April 23, 2004 - Ed’s New Toy
The dedicated staff of edhat.com broke-out our new toy yesterday. And, we made a lot of noise about it. Or, at least we knew if others were making noise about it. In case you didn’t hear, our new toy is a noise meter. It listens to things and quantifies the volume in decibels (dB). The Sight and Hearing Association provides the following definitions to help us understand the Dewey Decibel system:
Pleasantly quiet (Under 65 dB)
Can talk easily (65-70 dB)
Talking somewhat difficult (70-75 dB)
Talking only with raised voice (75-80 dB)
Too noisy for normal conversation (80 dB and above)
A train whistle at 500 ft away is 90 dB. Physical pain begins at 125 dB.
Yesterday, the dedicated staff tried out our new toy in four locations we deemed to be potentially loud – a freeway over-crossing, the waves at the beach, a school playground, and a bowling alley. Specifically, we chose the top of the new Micheltorena Bridge over the 101 freeway, Leadbetter Beach, Roosevelt Elementary School at lunchtime (2nd and 3rd graders), and Zodo’s Bowling Alley.
On the bridge we waved our noise meter at the oncoming traffic like we were starting the Indy 500. Our meter flashed as the cars whizzed below us. The readings were high 70’s / low 80’s, but when the big trucks went by the dB’s would blow past 90. Our highest reading was 95.
The soothing sound of waves smashing against the shore is the sound of poetry and romance. But, it is also very loud. Standing at the point where our shoes would not get wet, we measured a consistent stream of low 80 dB. Sitting near us on the beach was a man wearing a bright pink shirt. We pointed our noise meter at him, but our new toy was unable to measure that type of loudness.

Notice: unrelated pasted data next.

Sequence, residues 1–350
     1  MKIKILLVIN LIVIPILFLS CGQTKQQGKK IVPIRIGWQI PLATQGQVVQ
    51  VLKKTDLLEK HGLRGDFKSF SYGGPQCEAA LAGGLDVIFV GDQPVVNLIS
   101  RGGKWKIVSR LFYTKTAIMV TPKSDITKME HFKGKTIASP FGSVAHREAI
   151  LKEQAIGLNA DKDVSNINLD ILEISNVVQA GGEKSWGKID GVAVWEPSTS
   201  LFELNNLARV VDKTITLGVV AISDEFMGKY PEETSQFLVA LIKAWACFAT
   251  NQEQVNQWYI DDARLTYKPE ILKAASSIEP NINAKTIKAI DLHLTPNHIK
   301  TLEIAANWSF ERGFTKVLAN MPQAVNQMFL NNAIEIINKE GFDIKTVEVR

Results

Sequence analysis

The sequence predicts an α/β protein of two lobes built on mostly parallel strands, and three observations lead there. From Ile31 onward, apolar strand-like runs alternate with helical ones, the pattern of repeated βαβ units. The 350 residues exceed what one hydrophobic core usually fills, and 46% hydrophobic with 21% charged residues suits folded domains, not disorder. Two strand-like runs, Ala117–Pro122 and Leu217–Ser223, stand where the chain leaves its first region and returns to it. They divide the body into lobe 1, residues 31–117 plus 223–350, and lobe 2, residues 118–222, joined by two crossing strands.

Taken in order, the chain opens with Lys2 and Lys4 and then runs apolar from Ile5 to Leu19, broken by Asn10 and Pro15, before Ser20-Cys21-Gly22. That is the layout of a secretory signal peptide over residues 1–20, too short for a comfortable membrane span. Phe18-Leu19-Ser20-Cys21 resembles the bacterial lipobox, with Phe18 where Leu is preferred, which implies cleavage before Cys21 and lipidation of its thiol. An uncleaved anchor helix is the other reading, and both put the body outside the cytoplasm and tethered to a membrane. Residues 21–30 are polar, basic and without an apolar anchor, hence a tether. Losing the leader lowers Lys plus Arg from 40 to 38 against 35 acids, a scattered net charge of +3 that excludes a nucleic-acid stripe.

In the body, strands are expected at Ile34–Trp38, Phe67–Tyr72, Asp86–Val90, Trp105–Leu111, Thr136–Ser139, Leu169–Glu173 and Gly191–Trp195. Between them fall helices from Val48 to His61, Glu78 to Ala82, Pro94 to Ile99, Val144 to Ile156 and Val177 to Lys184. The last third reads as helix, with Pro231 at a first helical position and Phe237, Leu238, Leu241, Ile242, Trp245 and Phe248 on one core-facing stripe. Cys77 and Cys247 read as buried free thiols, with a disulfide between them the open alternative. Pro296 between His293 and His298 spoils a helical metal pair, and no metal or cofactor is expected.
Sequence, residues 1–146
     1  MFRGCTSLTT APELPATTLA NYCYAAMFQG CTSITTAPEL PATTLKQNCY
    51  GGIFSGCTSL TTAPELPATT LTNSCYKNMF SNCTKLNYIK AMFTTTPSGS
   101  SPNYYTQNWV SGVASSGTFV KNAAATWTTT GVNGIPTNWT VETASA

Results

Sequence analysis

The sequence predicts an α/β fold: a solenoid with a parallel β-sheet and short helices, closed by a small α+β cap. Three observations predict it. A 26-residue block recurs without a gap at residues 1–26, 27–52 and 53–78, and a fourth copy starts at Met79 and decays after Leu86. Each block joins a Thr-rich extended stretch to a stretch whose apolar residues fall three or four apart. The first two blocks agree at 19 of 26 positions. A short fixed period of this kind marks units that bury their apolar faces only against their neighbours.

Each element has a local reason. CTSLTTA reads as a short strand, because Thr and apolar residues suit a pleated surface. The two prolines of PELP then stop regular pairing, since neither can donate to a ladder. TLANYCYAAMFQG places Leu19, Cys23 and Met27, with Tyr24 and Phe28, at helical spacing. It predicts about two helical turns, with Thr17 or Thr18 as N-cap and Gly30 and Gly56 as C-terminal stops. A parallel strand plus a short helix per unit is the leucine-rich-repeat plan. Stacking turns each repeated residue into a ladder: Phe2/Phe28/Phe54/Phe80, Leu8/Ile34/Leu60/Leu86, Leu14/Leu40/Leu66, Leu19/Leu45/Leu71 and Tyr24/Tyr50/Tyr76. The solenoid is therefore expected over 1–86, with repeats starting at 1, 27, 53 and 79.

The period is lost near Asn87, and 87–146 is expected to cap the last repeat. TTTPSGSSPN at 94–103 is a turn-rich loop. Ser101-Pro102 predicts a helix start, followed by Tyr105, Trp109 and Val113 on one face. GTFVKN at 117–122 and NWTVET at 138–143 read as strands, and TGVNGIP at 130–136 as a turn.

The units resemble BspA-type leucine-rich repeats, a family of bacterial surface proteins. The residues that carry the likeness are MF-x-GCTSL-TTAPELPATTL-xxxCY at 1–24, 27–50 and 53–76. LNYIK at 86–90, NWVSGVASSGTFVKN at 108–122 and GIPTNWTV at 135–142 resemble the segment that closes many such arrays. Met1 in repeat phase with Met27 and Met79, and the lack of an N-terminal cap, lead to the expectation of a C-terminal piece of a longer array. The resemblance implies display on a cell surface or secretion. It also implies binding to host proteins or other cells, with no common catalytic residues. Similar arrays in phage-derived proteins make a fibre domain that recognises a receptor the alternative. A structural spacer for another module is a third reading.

The playground presented us with a new experience. With the exception of bank managers thinking we were robbers, when we only wanted to test their pens, the dedicated staff has done a very good job of blending-in during our data collection activities. But, then again, we had never tried to collect data in an ocean of 8 year olds. Our hand-held electronic device proved to be a powerful magnet that could pull kids away from tetherball, basketball, and jungle gyms. They swarmed around us with unrelenting curiosity.
“What is that?” “What are you doing?” “Can I see?” “Can I see?” “Can I see?”
When we told them it was a noise meter, they didn’t miss a beat and immediately began screaming right at us as loud as they could - pushing our meter to 100 dB and beyond. The dedicated staff figured we should remove those bursts from our data. The ambient noise from the playground was mostly high 70 dB.
Zodo’s was quite busy. Each time a ball was flung down an alley our noise meter would spike. The manager at Zodo’s told the dedicated staff that they had super-duper noise control at the alley. He even lamented that there was not another bowling alley in town to compare our readings to. Well, we compared it to the freeway and it was quieter. There were lots of mid 80 dB readings when the ball was in play. We even got a 90 (strike?) once. But when the ball wasn’t smashing into the poor innocent pins, the bowling alley was no louder than the beach.
Here are our results with average dB readings:
84.5 – Freeway Over-Crossing
82.9 – Bowling Alley
82.8 – Waves at the Beach
78.1 – School Playground
As we did our survey, we figured out that often what we recognize as loud is pitch. Waves are low and grumbling, kids are high and defiant.
In our contest, most people stuck to the beach as the quietest place. Only 6 people came up with the proper loudest and quietest. Their names are SuperHawk, Looooow, SbSurfer, EdSailor, To8HW, and Sunshine. The lucky winner of the lunch for 2 at Buenos Aires Café is SbSurfer – a person who obviously knows how loud the ocean is.
Thanks to the Buenos Aires Café for donating today’s prize!
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